The power of polling

DURHAM, N.C. – You may think preseason polls are meaningless. If so, you’re mistaken.

Ten of the last 12 national football champions – the latest being Alabama – began the season as top 10 teams.

Notre Dame was trying — or were the Irish really trying Monday night? — to become the first unranked team to win a national title in the BCS era.

So being ranked, and being ranked in the top 10, before the season begins is a big deal.

Let’s start with the obvious: it means you’re a really good team. Even us ink-stained hacks can tell you who the elite players and teams are.

But it also allows for a greater margin of error. A preseason top 10 team can lose a game and still play for a national championship. An unranked team cannot.
That’s why it was a big deal for Clemson to finish in the top 10 of a poll on Monday (No. 9 USA Today, No. 11 AP) for the first time since 1990.

Clemson has a great chance to begin as a top 10 team next season.

Clemson ends the season in the top 10 and returns the majority of its roster. Moreover,  according to oddsmakers at Bovada.com, Clemson is tied with Notre Dame and Louisville with the eighth best odds (22-to-1) at winning  the 2013 national championship.

And Clemson will also play a national championship caliber schedule. Three of Clemson’s 2013 opponents – Georgia, Florida State and South Carolina – all finished in the top 10 of polls.

South Carolina has finished in the top 10 of the polls in consecutive years.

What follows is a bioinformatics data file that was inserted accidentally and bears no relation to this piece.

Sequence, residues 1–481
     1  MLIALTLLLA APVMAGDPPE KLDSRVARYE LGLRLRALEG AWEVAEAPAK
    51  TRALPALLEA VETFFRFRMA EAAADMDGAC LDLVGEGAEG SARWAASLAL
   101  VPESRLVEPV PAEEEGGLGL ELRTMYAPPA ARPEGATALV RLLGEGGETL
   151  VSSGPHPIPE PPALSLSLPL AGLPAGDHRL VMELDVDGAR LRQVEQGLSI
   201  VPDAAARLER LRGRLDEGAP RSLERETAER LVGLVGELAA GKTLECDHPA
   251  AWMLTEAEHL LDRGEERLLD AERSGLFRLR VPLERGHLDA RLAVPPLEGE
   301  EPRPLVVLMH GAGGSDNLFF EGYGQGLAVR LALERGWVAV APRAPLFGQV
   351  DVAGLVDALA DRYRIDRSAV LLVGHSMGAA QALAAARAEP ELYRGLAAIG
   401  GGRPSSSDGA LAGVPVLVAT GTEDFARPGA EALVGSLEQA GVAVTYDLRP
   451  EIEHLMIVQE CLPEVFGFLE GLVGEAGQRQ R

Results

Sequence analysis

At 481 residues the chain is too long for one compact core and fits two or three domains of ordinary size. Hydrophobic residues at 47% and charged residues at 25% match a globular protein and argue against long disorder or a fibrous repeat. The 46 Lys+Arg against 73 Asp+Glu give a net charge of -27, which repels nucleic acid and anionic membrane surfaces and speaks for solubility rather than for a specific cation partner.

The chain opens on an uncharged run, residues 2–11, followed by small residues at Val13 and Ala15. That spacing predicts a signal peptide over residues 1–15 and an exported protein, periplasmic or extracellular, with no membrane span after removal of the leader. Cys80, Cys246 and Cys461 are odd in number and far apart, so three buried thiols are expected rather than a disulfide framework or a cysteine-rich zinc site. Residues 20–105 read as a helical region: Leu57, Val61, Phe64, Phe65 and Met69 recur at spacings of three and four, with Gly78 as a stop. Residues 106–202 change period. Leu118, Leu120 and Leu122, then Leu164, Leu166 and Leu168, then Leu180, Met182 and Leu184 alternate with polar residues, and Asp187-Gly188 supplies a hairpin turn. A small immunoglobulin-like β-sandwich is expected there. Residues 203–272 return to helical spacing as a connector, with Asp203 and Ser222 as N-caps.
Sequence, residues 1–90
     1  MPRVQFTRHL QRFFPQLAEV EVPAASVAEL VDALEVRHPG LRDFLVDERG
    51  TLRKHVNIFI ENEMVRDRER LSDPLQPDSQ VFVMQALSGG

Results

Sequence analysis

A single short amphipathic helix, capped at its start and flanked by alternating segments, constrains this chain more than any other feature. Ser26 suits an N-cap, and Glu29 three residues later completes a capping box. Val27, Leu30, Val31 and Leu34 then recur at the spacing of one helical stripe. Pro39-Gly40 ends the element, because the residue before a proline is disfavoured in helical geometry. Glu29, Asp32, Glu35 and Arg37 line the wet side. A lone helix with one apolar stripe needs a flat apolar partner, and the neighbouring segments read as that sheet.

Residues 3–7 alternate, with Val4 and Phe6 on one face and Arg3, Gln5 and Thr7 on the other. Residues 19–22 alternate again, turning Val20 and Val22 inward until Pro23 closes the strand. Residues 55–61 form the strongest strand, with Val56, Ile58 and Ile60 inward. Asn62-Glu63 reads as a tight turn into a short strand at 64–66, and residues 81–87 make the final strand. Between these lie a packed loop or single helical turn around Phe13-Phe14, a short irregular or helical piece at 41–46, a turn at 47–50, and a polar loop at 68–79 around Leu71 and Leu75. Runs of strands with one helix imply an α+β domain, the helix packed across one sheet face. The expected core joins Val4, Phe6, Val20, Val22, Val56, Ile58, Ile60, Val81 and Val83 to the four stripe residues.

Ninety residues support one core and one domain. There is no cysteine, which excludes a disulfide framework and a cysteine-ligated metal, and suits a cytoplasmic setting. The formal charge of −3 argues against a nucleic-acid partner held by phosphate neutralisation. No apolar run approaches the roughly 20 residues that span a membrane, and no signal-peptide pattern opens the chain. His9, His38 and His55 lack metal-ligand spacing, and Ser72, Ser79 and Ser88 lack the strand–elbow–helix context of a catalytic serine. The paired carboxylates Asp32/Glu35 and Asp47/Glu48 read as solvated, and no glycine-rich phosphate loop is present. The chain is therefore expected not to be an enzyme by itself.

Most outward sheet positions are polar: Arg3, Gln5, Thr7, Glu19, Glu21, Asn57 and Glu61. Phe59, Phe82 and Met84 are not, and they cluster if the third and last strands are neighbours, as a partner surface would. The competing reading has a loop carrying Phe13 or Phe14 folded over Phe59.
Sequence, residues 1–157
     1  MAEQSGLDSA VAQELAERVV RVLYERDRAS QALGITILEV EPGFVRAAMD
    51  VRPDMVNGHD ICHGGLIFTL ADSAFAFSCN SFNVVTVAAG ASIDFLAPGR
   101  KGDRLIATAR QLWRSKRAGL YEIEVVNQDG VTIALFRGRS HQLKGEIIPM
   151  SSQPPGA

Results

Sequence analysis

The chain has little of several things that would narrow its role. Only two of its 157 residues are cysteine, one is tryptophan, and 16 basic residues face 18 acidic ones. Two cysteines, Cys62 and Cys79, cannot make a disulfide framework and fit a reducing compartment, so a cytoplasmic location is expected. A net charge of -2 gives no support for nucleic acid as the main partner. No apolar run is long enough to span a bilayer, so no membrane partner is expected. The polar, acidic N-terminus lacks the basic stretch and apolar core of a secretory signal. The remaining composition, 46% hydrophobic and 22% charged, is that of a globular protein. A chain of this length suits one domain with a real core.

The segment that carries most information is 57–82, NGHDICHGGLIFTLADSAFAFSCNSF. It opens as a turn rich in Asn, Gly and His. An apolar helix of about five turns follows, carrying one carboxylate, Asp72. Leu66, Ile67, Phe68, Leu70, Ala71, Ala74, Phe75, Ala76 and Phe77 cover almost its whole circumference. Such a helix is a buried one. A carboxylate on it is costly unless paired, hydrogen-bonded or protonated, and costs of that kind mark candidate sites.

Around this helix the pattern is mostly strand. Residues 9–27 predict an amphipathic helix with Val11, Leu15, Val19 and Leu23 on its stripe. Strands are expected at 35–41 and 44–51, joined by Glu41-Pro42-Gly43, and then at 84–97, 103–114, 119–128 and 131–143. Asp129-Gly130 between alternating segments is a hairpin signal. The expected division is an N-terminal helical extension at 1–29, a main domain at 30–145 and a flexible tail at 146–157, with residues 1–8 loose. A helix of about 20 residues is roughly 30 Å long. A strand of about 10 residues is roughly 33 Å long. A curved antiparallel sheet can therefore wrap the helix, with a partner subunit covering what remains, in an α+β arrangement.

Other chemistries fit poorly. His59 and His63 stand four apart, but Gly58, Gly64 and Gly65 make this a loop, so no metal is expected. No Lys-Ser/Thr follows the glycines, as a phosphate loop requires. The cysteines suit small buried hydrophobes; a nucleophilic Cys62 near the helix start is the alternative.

As long as polls play a role in determining who plays in a national title game or playoff, preseason polls will matter.

Polls also matter in recruiting, they matter in the perception of a program. They in part determine who plays in national spotlight games, etc.

As New York Times columnist David Brooks noted of political polls, polls are simply ‘snapshots in time.’ They are snapshots of public opinion, measures of a candidate or program.

But they are also historical markers and barometers. They show you were a program is going.

Never in the 70+ years of college football polls have South Carolina and Clemson finished a season both ranked in the top 10 of a poll. Polls have their limits but they also tell stories and set narratives.

Both programs are rising. The rivalry is rising. And perhaps it will reach a new peak in 2013.

4 thoughts on “The power of polling

    • Not allowing polls to come out until the 4th week would do nothing to change the problem. Even if there isn’t an official poll until later in the season, everyone will keep unofficial polls. There are already preseason polls for the 2013 season. They don’t matter but they’ll still affect and sway the real ones come August.

  1. Clemson to finish No. 9 in the USA Today poll and No. 11 in the AP pool.

    Why are so many kids, all of a sudden when Clemson is really moving up, decommitting and going somewhere else?

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